Headlines Nursing Jobs

Solon files bill giving nurses P60,000 monthly salary

A lawmaker has filed a bill in Congress seeking to increase minimum pay of nurses to Salary Grade 21 or P60,000 monthly.

Anakalusugan Party-list Mike T. Defensor on October 28 filed House Bill 7933 which aims to improve the minimum base of nurses working in public institutions from Salary Grade 15 to Salary Grade 21. To recall, Republic Act 9173 which gives nurses entry-level pay of SG 15 was just implemented this year, or 18 years after it was enacted.

In his Explanatory Note, Defensor noted the delay in implementation of SG 15 salary and wanted to raise it even more in accordance with Salary Standardization Law.

“This bill seeks to make the monthly base pay of government nurses somewhat comparable to those being offered to newly-hired Filipino nurses in the Middle East and Europe,” Defensor said.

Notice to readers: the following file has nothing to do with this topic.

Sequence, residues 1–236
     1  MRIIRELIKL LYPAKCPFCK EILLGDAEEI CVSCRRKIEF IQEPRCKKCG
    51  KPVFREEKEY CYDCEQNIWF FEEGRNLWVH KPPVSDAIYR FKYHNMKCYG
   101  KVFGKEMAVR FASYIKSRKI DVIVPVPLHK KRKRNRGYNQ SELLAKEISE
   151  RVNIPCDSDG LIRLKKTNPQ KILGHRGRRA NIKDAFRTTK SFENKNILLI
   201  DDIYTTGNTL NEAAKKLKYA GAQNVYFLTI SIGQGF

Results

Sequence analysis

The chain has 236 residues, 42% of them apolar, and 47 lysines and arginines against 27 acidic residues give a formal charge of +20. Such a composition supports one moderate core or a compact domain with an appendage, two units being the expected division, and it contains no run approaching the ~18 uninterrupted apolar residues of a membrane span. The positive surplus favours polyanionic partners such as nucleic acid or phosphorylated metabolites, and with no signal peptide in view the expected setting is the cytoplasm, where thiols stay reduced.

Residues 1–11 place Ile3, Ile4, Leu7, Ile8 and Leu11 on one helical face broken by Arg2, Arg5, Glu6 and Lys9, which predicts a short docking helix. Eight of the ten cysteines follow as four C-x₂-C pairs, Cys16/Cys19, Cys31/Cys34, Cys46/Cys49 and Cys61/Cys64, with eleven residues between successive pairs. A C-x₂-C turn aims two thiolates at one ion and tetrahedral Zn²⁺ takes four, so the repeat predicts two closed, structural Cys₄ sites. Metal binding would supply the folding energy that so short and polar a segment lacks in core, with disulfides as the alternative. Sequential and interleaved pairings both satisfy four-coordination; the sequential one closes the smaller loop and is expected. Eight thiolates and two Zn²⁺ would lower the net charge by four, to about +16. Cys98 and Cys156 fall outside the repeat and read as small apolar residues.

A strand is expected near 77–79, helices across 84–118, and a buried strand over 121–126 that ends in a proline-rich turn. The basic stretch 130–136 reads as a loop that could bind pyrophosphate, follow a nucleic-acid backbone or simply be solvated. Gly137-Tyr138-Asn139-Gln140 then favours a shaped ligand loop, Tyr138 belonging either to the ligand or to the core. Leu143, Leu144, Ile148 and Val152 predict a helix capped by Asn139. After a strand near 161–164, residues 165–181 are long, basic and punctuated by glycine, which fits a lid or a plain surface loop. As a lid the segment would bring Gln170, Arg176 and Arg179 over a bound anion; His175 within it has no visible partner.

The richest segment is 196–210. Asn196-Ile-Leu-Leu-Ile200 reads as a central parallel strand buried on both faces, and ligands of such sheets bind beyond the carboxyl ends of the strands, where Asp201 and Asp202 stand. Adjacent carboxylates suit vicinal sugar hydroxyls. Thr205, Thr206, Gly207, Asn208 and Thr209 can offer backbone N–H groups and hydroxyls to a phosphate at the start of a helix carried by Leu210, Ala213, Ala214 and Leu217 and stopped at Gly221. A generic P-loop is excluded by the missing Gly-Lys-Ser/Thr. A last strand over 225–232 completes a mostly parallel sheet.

He added that once enacted, this will “help discourage the exodus of Filipino nurses to the Middle East and Europe, so that our public health system may be assured of an adequate supply of new nurses in the years ahead.”

Filipino nurses working in Germany earn around P111,000 per month while those in Saudi Arabia are estimated to earn P60,000 to P80,000.

If approved, the measure will give nurses P60,901 monthly in the first year, P62,449 in the second year and P63,997 in the third year onwards.

Currently, nurses working in Department of Health (DOH) hospitals receive a minimum salary of P32,053 per month, which will steadily increase every year until it reaches P36,619 by January 2023 under the new Salary Standardization Law for government workers.

Defensor first floated the idea of increasing nurses’ salary in April this year, saying that the country might face a severe shortage of nurses in the future when COVID-19 pandemic is over as demand for these health workers abroad will shoot up.

“We foresee wealthy nations around the world rushing to expand the capacities of their public health systems and stepping up their recruitment of Philippine-educated nurses once the COVID-19 pandemic is suppressed,” said Defensor.